Today is the hindu festival Dussehra, also called Vijayadashami. Dussehra literally means the defeat (hara) of the ten (Dus)- headed king Raavan by Rama. This festival symbolizes the victory of good over evil. It is at the culmination of the nine day fasting period, called navratris. On the tenth day, huge effigies of Raavan are set afire amidst much celebration.
This post deals mainly with my fascination with the elaborate effigies.
The effigy- making work is given on contract to various small businessmen who specialize in such work during the festival season. This year i visited one such area in Delhi. The effigies being prepared were mostly between 30 to 50 feet in height. The work is totally manual from start to finish, and takes about 4-5 days to complete.
First the framework for the heads as well as the bodies are made out of flexible cane which is bent into the desired shape, and then painstakingly glued at the edges and left to dry in the sun for a day. Then this is covered with wastepaper and old newspapers. The glue used is typically cheap wheat and arrowroot flour mixed with water in old tin canisters, which is then heated over a makeshift chulha (stove) made of bricks stacked one over other. This mix is let to cool and later used to stick the paper over the frames.
After the initial mould is ready, it is covered with glitzy colored paper. The body is usually covered in black or gold, symbolizing evil and opulence respectively, and embellished with silver and gold colored paper/ plastic or thermocol.
Raavan was a well read and mighty scholar and was a devotee of Shiva. These facts are acknowledged by the people who make the effigies. The heads of the effigies are decorated with the Om symbol, and with the various shiva symbols like the third eye, a serpent or a drum. The eyes and moustaches are also given minute attention. What strikes is the detailing and the familiarity of the common person with the epic Ramayana (the story of Rama).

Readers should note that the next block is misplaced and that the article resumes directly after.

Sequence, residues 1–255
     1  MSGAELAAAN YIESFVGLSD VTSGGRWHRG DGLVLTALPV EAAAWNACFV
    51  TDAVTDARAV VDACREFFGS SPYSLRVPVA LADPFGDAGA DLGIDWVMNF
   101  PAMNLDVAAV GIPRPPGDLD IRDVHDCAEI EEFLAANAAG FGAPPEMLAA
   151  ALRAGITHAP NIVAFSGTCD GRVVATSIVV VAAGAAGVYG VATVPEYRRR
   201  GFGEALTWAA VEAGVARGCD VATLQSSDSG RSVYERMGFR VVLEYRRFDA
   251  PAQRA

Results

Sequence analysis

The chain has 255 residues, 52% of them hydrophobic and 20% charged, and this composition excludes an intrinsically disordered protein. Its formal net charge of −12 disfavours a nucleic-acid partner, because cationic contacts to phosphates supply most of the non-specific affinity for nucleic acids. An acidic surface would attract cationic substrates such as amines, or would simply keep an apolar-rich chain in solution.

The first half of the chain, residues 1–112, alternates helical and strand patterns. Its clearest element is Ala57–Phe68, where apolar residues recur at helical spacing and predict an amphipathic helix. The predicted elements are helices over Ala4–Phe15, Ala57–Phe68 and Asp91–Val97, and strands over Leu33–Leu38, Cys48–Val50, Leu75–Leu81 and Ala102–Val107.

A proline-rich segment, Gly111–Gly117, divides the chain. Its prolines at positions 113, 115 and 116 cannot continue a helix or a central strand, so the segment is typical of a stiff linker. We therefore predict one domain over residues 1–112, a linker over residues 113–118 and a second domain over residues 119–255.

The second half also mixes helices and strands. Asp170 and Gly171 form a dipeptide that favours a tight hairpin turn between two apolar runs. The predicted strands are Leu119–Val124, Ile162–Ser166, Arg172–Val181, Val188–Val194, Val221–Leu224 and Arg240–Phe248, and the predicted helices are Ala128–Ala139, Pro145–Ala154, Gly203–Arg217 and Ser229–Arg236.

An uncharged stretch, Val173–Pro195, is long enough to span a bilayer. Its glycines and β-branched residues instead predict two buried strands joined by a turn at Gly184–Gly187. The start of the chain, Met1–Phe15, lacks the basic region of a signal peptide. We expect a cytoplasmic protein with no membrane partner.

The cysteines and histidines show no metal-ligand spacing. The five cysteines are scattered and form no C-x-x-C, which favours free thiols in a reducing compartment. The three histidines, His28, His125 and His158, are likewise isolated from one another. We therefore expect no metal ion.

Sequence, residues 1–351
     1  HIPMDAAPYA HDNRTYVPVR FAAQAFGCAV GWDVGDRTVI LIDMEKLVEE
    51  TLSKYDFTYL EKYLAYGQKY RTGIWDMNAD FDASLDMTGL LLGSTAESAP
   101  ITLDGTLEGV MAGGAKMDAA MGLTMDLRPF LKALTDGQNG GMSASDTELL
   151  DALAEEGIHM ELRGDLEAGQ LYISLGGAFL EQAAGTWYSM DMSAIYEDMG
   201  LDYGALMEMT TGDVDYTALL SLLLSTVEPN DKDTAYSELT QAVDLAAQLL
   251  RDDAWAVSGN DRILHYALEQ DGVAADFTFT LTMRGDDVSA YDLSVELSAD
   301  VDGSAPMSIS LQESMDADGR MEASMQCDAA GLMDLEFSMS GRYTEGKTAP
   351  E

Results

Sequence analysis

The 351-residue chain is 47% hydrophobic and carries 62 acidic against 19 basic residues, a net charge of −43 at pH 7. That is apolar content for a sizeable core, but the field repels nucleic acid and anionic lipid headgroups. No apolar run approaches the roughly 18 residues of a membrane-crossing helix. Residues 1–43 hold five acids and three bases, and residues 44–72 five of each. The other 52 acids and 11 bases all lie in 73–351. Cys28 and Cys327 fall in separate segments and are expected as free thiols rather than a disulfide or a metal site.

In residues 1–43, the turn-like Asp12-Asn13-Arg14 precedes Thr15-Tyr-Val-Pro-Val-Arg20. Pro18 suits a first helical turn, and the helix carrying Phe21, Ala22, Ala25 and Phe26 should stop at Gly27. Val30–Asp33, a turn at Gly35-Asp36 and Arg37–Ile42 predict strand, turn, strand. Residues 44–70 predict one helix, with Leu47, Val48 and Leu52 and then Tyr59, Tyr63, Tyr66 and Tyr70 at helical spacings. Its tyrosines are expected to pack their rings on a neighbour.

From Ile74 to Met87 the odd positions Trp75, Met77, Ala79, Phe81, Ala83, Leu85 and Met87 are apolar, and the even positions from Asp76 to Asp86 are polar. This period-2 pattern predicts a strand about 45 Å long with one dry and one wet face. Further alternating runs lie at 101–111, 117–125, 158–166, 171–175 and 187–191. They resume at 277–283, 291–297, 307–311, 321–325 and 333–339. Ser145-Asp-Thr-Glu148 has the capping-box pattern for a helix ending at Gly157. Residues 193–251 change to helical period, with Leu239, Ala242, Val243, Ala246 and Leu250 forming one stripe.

The ten heads of Raavan are symbolized by the stuff that one has to symbolically ‘burn’ in order to attain peace and a higher state of awareness. They symbolize our own faults and frailities.
The ten heads are symbolic of :
2. Krodha (Anger)
3. Moha (Delusion)
The love and attachment that we have for our family and friends and for our material possessions, keep us entangled in our own selfishness.
Moha is the glue that binds us to this world, materially and emotionally.
Moha traps us and keeps us running in circles.
4. Lobha (Greed)
The greed for more and more of everything, for desires that can never be satisfied and are therefore endless.
5. Mada (Pride)
In small doses, it defines our worth, but excessive pride may lead to vanity and narcissism.
Pride in our intellect and in our material possessions detaches us from the truth.
Pride casts long shadows and fools us of our worth.
6. Maatsarya (Envy)
A desire for a thing that is not ours. Raavan abducted Rama’s wife Sita which led to the war and eventually his death.
Maatsarya leads to discontent and resentment, akin to comparing and keeping- up- with the- Joneses.
Envy traps us in its cage and doesn’t allow us to reach our full potential.
7. Manas (Mind)
Manas is what we are on the inside, our thoughts, and the chatter that goes on within us.
Manas reflects our experiences and our memories.
We are constantly trying to piece together and shape our future actions (and thoughts) based on the feedback from the manas.
8. Buddhi (Intellect)
The intellect is the knowledge we gain through our endeavour and hard work. Raavan was a learned man and a devotee of Shiva.
Intellect, unfortunately also leads to pride and blinds us to our faults.
Excessive pride in our own buddhi, makes us a snobbish seeker of knowledge.
9. Chitta (Will)
Chitta is the subconscious mind, it is the machinery that works at another level.
The subconscious works as a background tape, while we go on with our daily work. Controlling the chitta requires concentration and comes with what we call ‘being in the zone’.
One who is able to control the chitta, achieves balance.
10. Ahamkara (Ego)
Ahamkara is the I, Me and Myself. It is derived from the word “Aham” which means the Self.
The ego separates us from others.
Ahamkara also ends up making us lonely and aloof.
Dusshera therefore is a symbolic recognition and a subsequent acknowledgment of human fraility.
This year let us take this this first step towards recognizing our faults, getting rid of them will be a much longer road and another story.